Never believe anything until it has been officially denied.

                  Comment


                  • Originally posted by seanr View Post

                    If you believe that either Martha Tabram or Alice Mackenzie were Ripper victims, you must dismiss Druitt.

                    Hi Sean. Your statement has an internal logic, but that doesn't mean that it is particularly meaningful. It represents a sort of false choice.

                    From a legal standpoint, the 'identity of Jack the Ripper' has never made much sense. Despite a statement recently made by a certain author in the Whitechapel Society Journal, you can't charge someone with being Jack the Ripper, or with being the Whitechapel Murderer; you can only charge them with individual, specific crimes.

                    Granted there was sufficient evidence, you could charge Jack Doe with the Tabram murder, the Kelly murder, and the Francis Coles murder, and nothing else; or--again with sufficient evidence--you could charge him for the murder of Annie Chapman and the Pinchin Street Torso, but decide there was not sufficient evidence to warrant pursuing him for any other case.

                    It is theoretically possible that, had they sufficient evidence, Kosminski could have been charged for the Eddowes murder, but left it at that. And, if the evidence was strong, the Treasury wouldn't have so much as blinked if AK had an alibi for the Tabram murder or the McKenzie murder.

                    If you, along with "The Baron," strongly believe the murderer of Alice Mackenzie was guilty of other crimes in the file, then by all means go for it. If you can prove someone guilty of that specific murder, maybe you'll get lucky and be able to link the same person to others. But if he turns out to have an iron clad alibi for the Tabram and Nichols murder, who am I to say you have identified the wrong man?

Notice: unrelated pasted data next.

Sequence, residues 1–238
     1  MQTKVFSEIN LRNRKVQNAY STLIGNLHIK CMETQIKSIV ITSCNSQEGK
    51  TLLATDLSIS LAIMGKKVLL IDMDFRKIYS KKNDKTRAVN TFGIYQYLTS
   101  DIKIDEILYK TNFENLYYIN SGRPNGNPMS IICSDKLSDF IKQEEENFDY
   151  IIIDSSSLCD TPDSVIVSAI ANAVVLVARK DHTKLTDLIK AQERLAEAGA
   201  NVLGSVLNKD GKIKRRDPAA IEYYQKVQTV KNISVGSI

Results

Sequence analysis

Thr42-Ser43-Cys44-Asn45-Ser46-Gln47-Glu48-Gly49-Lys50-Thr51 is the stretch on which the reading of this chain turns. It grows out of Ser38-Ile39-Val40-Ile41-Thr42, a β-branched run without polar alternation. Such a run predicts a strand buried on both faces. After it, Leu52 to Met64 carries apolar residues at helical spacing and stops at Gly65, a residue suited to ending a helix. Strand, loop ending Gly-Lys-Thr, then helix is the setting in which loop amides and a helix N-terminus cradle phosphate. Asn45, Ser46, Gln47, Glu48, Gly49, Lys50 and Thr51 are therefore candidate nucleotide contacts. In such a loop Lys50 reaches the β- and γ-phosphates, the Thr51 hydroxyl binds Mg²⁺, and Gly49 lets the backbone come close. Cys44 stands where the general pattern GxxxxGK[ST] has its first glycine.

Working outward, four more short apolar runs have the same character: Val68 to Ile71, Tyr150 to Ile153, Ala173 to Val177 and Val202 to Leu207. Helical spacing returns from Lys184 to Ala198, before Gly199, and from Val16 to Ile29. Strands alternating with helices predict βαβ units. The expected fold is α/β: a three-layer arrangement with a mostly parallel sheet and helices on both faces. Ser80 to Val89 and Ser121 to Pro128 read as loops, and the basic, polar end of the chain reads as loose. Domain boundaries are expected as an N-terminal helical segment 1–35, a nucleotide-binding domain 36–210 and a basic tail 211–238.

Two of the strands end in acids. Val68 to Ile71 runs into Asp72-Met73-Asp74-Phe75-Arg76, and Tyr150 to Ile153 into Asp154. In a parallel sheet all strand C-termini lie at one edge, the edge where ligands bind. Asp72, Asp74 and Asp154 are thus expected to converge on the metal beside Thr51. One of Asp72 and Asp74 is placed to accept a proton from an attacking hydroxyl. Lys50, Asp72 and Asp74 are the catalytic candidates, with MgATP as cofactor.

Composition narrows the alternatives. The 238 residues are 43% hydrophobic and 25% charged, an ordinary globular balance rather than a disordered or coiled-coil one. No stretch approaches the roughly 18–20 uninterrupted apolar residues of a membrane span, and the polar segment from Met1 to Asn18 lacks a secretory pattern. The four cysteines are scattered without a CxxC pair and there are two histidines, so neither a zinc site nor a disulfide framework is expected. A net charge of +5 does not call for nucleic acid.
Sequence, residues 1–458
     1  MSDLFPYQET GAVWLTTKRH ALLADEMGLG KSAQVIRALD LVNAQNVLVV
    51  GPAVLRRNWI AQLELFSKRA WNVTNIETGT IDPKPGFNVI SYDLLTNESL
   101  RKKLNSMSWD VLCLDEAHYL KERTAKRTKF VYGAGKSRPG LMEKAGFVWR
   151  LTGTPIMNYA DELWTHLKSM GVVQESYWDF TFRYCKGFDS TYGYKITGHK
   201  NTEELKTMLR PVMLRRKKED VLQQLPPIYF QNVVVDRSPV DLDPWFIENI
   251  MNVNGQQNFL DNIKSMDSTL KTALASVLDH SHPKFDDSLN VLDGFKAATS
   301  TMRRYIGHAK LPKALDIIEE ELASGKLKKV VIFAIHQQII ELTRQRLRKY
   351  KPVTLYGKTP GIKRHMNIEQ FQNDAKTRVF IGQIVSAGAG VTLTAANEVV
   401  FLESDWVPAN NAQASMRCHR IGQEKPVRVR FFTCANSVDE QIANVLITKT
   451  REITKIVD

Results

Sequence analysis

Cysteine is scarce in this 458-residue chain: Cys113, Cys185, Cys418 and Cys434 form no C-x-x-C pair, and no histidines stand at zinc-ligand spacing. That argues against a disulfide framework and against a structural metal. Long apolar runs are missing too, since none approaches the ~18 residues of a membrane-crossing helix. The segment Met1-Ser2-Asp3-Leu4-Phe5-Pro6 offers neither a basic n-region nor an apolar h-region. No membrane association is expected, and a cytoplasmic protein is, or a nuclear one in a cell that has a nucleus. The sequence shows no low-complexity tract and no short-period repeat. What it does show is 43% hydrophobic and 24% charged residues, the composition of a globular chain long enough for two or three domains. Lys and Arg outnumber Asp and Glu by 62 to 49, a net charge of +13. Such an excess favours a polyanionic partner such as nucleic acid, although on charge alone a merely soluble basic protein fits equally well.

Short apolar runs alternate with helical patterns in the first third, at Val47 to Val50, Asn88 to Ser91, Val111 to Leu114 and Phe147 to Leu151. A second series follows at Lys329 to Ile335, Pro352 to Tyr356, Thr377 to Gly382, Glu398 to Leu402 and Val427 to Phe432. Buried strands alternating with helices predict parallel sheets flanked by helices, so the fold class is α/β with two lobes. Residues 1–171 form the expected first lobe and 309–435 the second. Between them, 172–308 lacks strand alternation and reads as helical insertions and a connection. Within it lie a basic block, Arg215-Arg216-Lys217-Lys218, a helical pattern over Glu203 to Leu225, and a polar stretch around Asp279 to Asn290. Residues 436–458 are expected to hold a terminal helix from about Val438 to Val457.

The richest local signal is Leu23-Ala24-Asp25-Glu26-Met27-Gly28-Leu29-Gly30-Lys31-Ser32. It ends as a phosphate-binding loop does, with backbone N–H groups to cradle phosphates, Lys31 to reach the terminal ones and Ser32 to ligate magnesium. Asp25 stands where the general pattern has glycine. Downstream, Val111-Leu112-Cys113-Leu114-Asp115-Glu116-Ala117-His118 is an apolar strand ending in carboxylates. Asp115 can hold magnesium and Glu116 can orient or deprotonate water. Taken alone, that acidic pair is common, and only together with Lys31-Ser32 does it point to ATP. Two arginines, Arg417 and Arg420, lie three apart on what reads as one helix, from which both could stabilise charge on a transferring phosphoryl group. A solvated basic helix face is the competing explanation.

Like it or not, we all have to climb the ladder one rung at a time.

                    The police had no problem with charging Tom Sadler with the Francis Coles murder, even though he had an alibi for Annie Chapman, Liz Stride, and Kate Eddowes.

                    Which clearly proves that they did not insist that all the Whitechapel Murders that eventually ended up in "The File" were the work of one man.

                    Comment


                    • Originally posted by Simon Wood View Post

                      I am merely establishing a fact, a strange entity in Ripperology.
                      Hi Simon. Damn it's raining a lot here lately. If I looked skyward for too long, I would drown deader than Druitt. Half the South Pacific would be down my nostrils in minutes.

                      So, I have a slight confession to make. On rainy days I become a closet fan of British crime shows, and, as an American, I can't help but notice a reoccurring theme.

                      Whether it's Inspector Morse, Inspector Frost, or Chief Inspector Tennyson, or that long-haired bloke up in Newcastle that speaks with marbles in his cheeks and I can't understand, every show depicts the "upper brass" of the Met (or the local equivalent) as stuffed shirts. They are not only imbecilic, they are in the pocket of the local MP, they spend more time at the club than at their desks, they are deathly afraid of the press, and they constantly place hurdles in the way of their detectives. They're arrogant, pompous, dull-witted, and, at the same time, slightly corrupt. Their main concern is the crime statistics they have to turn in at the end of the quarter; that, and avoiding any hint of a ****-up. And, of course, every once in awhile, one of them turns out to be a prominent member of the local pedophile ring.